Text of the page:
Television certainly seems to crave the kind of moral ambiguity and outright unconscionable actions that Rice's novels explore. There are all the usual things that come along with that: murder, mutilation, mental instability, sexual violence, even incest. Television has made great leaps and bounds in the thoughtful exploration of those themes; big blockbuster franchises, however, have not quite caught up. Therefore the idea of a film franchise could be worrying to longtime fans: what if the integral aspects of the novels are lost from page to screen?


There have been two adaptations of Rice's Chronicles already: Interview with the Vampire in 1994, a general success and cult classic, and 2002's Queen of the Damned, a complete flop. The former found ways to walk the fine line of her dark themes while maintaining a maturity of storytelling and a lot of visual interest. The latter had an okay soundtrack (and Aaliyah) but didn't honor that aristocratic bisexual brutality that is a series trademark.


Sexuality is as huge a part of The Vampire Chronicles as anything else. While the vampires of the story do not engage in any actual sex (and are not physically capable of it), there is a sensuality that pervades the narrative. Her characters essentially explode the Kinsey scale. Most of the main characters express attraction to both men and women, with a vast majority of bigger relationships existing between two men. This was present in the 1994 adaptation in a subtle, restrained way that hinted at attraction without outrightly stating it, which is in tone with the first novel in many ways. However, the books only get gayer as they go on, and it's hard to imagine a series of Hollywood movies setting out to make money while still embracing a non-heteronormative story. This post-Tumblr generation craves representation and diversity (which, it needs to be said, Rice is sorely, sorely lacking in the racial sense), but our media is answering that call with glacial slowness.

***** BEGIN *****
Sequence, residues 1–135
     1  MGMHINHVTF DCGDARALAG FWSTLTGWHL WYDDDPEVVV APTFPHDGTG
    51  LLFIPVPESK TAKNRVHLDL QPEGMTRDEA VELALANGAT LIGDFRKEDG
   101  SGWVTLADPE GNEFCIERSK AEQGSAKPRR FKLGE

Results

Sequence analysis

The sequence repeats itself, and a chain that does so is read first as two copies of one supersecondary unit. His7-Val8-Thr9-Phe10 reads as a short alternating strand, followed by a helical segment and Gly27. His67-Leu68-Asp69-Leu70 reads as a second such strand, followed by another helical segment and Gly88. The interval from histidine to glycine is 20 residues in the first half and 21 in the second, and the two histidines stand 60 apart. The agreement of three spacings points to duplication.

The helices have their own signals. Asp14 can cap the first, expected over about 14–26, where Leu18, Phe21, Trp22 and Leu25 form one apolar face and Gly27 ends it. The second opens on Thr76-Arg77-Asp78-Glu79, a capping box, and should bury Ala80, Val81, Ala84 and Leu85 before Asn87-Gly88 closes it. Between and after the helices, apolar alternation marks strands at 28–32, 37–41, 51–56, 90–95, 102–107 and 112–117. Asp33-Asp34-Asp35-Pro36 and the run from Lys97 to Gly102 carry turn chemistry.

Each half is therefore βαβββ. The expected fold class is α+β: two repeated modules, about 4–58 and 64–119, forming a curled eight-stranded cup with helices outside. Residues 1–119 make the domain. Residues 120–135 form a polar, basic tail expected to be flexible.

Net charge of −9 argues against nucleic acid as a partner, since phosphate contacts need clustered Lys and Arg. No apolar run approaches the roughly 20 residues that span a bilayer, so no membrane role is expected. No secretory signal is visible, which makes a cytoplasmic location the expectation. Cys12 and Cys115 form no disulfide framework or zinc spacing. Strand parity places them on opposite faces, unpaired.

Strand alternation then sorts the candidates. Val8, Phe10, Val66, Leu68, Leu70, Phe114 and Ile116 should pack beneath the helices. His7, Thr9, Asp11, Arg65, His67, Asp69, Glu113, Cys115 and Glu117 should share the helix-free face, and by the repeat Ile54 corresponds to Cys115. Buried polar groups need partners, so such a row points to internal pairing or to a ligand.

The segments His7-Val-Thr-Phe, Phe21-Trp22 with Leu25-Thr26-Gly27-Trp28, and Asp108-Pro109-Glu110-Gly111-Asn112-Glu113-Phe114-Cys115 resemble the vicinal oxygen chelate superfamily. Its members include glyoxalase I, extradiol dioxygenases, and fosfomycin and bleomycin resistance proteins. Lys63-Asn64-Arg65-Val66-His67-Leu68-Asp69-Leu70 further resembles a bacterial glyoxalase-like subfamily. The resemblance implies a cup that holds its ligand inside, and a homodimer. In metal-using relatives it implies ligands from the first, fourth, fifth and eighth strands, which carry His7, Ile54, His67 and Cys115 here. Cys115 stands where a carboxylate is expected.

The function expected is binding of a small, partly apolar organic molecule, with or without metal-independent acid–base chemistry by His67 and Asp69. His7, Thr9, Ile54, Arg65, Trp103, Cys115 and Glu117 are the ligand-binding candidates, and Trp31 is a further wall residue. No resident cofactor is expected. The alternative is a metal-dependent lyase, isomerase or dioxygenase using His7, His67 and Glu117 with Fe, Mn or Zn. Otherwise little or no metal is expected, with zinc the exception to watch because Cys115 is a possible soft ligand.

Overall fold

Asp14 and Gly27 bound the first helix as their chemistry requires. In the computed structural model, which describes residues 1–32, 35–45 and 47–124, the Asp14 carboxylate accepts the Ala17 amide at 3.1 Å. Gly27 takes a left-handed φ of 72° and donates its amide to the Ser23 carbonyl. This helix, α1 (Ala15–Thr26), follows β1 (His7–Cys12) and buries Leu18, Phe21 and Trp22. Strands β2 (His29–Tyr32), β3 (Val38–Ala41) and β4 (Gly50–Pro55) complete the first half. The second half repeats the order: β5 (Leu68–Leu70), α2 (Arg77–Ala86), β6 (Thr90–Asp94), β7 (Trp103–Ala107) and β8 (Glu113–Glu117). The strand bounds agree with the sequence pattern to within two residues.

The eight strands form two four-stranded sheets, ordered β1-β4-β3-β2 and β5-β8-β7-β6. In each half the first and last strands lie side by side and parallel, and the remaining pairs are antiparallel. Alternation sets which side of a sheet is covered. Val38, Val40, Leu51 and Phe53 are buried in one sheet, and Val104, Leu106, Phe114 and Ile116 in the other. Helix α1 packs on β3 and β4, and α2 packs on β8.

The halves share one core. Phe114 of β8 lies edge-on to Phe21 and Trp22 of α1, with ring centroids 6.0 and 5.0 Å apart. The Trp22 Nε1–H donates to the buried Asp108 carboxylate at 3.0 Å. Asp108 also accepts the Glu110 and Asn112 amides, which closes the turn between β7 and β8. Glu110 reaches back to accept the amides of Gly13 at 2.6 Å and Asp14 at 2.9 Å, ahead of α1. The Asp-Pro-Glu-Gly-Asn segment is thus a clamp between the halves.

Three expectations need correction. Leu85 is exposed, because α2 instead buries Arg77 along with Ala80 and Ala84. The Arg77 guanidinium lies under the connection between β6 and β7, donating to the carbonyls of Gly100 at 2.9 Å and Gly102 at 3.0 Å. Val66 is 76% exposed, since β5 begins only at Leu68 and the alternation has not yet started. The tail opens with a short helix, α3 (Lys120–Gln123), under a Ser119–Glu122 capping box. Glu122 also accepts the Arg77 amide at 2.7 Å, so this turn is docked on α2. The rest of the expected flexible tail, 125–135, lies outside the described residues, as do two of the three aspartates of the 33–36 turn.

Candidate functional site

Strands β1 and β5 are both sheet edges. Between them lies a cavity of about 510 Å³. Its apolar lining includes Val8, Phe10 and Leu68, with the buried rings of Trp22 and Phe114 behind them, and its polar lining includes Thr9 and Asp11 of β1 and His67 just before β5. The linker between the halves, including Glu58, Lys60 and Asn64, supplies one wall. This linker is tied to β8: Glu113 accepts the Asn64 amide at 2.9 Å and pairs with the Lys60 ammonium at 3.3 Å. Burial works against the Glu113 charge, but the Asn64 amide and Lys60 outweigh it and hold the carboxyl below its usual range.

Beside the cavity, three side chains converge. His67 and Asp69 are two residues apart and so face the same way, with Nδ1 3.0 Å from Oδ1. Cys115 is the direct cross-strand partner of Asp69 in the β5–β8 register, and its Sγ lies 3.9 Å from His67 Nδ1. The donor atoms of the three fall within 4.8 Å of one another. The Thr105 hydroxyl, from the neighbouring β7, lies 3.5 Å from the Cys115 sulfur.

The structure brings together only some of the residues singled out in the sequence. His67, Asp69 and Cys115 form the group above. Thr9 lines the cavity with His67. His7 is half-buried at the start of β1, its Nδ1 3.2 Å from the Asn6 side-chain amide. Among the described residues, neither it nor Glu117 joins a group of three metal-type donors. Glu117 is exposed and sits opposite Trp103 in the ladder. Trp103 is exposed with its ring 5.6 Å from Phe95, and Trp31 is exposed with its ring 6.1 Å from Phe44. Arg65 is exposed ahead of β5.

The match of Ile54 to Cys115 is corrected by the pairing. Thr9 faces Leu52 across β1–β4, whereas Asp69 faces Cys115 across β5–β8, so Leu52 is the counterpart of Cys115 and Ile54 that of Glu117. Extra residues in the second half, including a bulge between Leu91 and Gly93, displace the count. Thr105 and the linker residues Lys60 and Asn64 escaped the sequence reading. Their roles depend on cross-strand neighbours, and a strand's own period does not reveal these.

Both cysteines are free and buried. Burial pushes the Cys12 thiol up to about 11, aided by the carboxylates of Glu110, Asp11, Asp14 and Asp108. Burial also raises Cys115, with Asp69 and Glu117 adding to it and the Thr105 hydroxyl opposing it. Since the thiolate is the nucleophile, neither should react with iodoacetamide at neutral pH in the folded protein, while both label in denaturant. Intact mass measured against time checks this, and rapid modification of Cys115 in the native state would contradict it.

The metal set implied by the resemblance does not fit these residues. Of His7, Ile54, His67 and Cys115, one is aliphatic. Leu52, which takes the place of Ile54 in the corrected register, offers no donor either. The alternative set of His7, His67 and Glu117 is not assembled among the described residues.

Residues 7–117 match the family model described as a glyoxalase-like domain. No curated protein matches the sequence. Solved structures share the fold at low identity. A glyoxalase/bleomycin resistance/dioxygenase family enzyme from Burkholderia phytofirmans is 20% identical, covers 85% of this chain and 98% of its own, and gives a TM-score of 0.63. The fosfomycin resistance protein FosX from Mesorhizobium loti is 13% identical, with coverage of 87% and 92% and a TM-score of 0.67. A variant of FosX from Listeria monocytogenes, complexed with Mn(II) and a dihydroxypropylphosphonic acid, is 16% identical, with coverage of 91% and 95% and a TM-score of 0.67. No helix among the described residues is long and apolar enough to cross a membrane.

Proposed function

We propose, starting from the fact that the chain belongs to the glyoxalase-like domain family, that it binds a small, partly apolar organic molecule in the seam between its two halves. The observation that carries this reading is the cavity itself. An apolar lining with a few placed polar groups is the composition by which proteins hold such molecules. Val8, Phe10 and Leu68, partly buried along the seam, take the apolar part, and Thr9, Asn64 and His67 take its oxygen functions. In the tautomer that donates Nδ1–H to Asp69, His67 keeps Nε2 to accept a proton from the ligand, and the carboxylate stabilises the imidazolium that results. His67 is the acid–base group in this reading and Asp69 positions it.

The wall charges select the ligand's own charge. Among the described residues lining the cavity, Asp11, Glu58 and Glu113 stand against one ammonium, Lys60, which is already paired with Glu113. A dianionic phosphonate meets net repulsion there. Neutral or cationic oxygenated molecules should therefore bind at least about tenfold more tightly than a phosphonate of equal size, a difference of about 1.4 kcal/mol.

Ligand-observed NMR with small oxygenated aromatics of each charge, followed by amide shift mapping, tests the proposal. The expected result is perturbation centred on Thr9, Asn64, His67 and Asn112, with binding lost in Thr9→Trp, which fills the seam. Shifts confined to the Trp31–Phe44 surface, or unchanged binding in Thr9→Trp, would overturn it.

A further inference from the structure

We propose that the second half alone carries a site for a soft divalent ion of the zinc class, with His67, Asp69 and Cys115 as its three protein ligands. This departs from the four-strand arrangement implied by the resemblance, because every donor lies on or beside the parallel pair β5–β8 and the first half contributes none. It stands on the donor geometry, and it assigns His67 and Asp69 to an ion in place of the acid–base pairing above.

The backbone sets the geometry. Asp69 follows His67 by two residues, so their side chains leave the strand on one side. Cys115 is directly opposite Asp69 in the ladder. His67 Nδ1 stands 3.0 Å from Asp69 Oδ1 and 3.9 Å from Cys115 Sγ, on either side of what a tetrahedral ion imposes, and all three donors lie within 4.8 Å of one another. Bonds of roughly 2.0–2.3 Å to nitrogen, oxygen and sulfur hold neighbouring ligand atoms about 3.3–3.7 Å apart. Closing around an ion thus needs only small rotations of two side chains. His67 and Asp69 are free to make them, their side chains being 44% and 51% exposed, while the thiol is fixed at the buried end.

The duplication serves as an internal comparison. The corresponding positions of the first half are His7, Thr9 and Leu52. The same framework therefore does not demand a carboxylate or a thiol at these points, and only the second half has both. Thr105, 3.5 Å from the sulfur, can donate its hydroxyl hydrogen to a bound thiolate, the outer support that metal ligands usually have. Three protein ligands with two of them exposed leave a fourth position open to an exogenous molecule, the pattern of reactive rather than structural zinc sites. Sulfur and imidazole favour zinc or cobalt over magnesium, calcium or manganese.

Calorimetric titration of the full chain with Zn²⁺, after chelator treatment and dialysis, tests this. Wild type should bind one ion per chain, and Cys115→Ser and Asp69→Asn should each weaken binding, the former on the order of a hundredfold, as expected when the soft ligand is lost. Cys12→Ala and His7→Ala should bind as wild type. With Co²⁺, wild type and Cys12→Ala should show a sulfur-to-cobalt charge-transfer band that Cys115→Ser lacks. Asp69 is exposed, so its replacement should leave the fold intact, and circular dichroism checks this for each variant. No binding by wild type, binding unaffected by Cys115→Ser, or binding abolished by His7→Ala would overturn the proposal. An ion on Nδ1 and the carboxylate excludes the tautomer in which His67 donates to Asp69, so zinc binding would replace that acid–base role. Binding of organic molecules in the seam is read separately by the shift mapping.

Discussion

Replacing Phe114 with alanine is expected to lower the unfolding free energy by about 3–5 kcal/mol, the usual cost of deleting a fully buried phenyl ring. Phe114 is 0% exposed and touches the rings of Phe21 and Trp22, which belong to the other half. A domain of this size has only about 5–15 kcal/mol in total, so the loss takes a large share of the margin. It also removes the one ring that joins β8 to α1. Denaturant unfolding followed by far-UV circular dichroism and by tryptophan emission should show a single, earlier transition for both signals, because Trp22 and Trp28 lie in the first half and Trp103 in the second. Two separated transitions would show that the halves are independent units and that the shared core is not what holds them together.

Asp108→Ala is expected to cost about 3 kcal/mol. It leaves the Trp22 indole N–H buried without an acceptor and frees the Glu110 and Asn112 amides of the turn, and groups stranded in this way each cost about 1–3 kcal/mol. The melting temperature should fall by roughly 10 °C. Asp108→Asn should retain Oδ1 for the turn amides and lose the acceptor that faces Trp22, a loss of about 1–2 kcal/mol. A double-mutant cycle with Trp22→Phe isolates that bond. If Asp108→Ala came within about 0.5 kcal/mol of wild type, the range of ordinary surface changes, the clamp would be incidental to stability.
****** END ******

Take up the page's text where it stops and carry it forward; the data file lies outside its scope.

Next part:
It is easy to see why the novels do lend themselves to visual media, however. There is a built-in fan base to take advantage of, decades of dedication to be mined. There are exciting, morally gray, very wealthy characters – the kind of characters people seem to love watching, delighting in the exemption from rules their status seems to allow. It would be a male-dominated cast, always a Hollywood favorite, with a few token women to round things out. The action can be dialed up, heterosexual romances inserted. You can practically see the blood-dripping fighting montages, melodramatic antihero Lestat looking brooding and superior as he makes his way from century to century.


It's difficult not to expect such things from an adaptation of a series as bizarre, philosophical, and sexually ambivalent as Anne Rice's. The existing film works are split fifty-fifty when it comes to quality, after all. But it would be much nicer to hope for something that not only honors the source it sprang from, but builds upon it to create something new and equally exciting.  There is something in Anne Rice's stories that has drawn us in for years. Perhaps they're things we'd rather not address in the light of day, feeling freer when dark proclivities can be ascribed to literal nighttime terrors. Perhaps it is the overwhelming passion of the stories and characters; perhaps it is their constant yearning to be good in the face of all their intrinsic evil. It is a tale as timeless as the characters in it, at the end of the day; we can only wait and see what turn it takes. 


Author Bio:

Megan Walsh is a contributing writer at Highbrow Magazine.